There’s a career out there for all of us. By finding your calling, you could lead a happier and more fulfilled life. If you’ve been struggling to find a career that you enjoy, consider these four factors.
Before that, do come back to check out these related posts:
Consider your interests
It can definitely help to be in an industry that you have an interest in. You’re likely to be more passionate about your job if it’s related to your interests and you may already have a decent amount of useful knowledge.
Examples of interests could include travel, animals, or music. You may be able to find a job that relates to one of these interests (e.g. travel agent, zookeeper, music producer…) or you may be able to find a job that combines these passions (e.g. safari tour guide, cruise ship musician, or even a pet music therapist!).
Consider your personality
Certain roles can be better suited to certain personalities. Some of us are more logical, while some of us are more creative. Some of us enjoy working around people, while others prefer to work alone.
A personality test such as the Myers Briggs Assessment could give you a better idea of what your personality is and the types of careers suited to it. For instance, ENFPs can make great entrepreneurs, actors, teachers, social workers, and brand managers, while ISTJs can make great accountants, judges, inspectors, dentists, insurance underwriters, and military officers.
If your personality isn’t suited to the job you do, you may find yourself easily bored or lacking enthusiasm in that role.
Consider your education
An education isn’t necessary for all careers. However, there are some careers where it can be essential such as in medicine, law, and finance. If you already have a degree or you’ve completed an apprenticeship, consider which careers are likely to find this education valuable.
Education is something that you can build on at any time to help you pursue careers that may be relevant to your passions and personality. For instance, perhaps you have the passion and personality to become a personal trainer – taking a personal training course could help you to get your foot in the door. Formal education isn’t always necessary and you may be able to simply build knowledge by reading books and attending workshops.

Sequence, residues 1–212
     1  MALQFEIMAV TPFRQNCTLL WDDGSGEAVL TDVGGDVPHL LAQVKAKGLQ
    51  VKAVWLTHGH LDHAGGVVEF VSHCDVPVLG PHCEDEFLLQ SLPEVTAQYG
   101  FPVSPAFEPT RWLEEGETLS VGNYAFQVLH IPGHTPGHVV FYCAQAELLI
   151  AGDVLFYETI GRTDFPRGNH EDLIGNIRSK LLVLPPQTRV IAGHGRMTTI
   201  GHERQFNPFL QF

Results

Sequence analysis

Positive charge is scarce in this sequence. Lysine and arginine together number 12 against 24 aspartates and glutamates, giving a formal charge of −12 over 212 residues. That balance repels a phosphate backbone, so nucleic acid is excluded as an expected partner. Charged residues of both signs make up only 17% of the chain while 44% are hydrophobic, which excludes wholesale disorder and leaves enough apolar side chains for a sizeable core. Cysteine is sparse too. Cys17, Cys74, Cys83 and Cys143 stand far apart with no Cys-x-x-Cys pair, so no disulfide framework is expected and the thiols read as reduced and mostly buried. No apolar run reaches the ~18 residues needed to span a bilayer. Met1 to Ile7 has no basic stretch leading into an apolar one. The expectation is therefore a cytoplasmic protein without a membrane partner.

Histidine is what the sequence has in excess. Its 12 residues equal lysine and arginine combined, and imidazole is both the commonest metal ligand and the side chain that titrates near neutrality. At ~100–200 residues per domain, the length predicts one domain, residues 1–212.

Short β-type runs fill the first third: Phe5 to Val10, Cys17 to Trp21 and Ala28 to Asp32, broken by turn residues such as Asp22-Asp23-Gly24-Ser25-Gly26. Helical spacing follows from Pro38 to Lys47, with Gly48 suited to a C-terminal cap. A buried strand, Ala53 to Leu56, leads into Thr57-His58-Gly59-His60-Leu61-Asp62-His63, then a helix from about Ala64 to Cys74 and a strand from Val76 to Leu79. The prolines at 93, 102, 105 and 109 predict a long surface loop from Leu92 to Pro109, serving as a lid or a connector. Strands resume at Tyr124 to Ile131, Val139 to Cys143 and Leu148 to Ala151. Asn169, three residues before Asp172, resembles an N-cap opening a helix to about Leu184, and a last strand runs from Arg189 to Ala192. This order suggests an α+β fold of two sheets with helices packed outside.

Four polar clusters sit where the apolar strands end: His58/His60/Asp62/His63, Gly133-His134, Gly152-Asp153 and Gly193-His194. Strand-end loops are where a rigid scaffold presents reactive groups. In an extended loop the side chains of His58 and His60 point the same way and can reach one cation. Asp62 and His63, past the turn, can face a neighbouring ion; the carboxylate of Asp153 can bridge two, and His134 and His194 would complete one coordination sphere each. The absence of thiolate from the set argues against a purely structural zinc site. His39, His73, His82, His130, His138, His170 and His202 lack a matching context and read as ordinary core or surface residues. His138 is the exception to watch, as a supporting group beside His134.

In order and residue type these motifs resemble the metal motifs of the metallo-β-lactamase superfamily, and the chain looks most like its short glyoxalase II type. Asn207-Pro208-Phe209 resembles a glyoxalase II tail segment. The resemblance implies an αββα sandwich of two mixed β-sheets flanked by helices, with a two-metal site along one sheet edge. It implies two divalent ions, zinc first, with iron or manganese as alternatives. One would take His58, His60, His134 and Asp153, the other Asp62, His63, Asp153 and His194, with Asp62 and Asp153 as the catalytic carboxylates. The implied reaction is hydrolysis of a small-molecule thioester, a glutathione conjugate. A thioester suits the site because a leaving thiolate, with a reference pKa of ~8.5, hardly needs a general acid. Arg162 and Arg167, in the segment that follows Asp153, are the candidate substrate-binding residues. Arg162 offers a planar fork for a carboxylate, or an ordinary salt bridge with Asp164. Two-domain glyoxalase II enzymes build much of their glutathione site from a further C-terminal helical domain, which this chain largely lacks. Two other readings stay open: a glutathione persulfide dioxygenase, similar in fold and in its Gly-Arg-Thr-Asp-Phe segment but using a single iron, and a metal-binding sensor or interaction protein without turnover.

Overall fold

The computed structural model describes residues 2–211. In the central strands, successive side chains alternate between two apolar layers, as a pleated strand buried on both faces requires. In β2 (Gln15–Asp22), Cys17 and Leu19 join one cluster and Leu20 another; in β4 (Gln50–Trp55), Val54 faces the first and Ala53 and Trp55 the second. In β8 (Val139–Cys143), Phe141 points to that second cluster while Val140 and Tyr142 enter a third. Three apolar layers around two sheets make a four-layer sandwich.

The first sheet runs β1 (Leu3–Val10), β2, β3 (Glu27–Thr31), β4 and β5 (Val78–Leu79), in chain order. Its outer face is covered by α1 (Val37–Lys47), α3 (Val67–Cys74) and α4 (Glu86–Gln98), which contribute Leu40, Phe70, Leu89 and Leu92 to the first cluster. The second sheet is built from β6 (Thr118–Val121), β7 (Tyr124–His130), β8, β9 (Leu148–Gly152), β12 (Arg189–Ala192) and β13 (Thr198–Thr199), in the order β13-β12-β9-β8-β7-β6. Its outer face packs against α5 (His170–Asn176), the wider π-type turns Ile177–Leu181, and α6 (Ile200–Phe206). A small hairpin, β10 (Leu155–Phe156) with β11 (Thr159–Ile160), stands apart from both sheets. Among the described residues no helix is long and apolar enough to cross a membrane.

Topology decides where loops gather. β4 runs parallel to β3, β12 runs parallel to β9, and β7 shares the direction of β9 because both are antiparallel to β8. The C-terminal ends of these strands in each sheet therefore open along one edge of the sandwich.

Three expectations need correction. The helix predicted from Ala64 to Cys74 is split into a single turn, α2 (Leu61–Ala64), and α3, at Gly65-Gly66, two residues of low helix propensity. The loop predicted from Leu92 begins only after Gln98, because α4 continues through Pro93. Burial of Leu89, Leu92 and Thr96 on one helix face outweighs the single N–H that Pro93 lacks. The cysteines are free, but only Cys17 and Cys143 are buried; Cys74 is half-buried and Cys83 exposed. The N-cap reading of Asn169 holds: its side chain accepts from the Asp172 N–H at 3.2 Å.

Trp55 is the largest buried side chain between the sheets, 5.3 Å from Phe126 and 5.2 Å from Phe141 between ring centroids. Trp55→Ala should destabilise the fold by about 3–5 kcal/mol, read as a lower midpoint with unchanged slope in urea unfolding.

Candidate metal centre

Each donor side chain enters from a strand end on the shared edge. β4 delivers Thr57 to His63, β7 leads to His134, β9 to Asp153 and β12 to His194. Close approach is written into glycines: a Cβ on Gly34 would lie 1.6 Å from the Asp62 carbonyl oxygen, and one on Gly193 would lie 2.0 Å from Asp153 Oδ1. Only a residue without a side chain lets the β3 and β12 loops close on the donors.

Consider your experience
Many employers value experience. Experience could show that you already have certain relevant skills and knowledge – or at least a familiarity for the field – which could put you in a better place than other applicants that don’t have experience.
Experience doesn’t have to be work-related. Experience such as traveling the world, playing a sport at a competitive level, being a parent, or playing an instrument can show certain skills and traits, some of which could prove valuable to certain careers. For instance, being a parent could show that you’re capable of responsibility, multi-tasking and having to exercise patience which could be useful if you’re a teacher, a secretary or a realtor.
As an education, experience is something that you can easily build upon. Volunteering is one of the best ways to get industry-specific work experience.
Are you in it for the long haul?
I enjoyed my teaching career for most of the 30 years that I was engaged in it. After a while though, I just couldn’t see myself carrying on into retirement! You might want to consider changing careers after a while. It is up to you and getting some relevant experience and training should help you in this regard.
My first published book below has some great ideas for living your best life, whatever your career choice.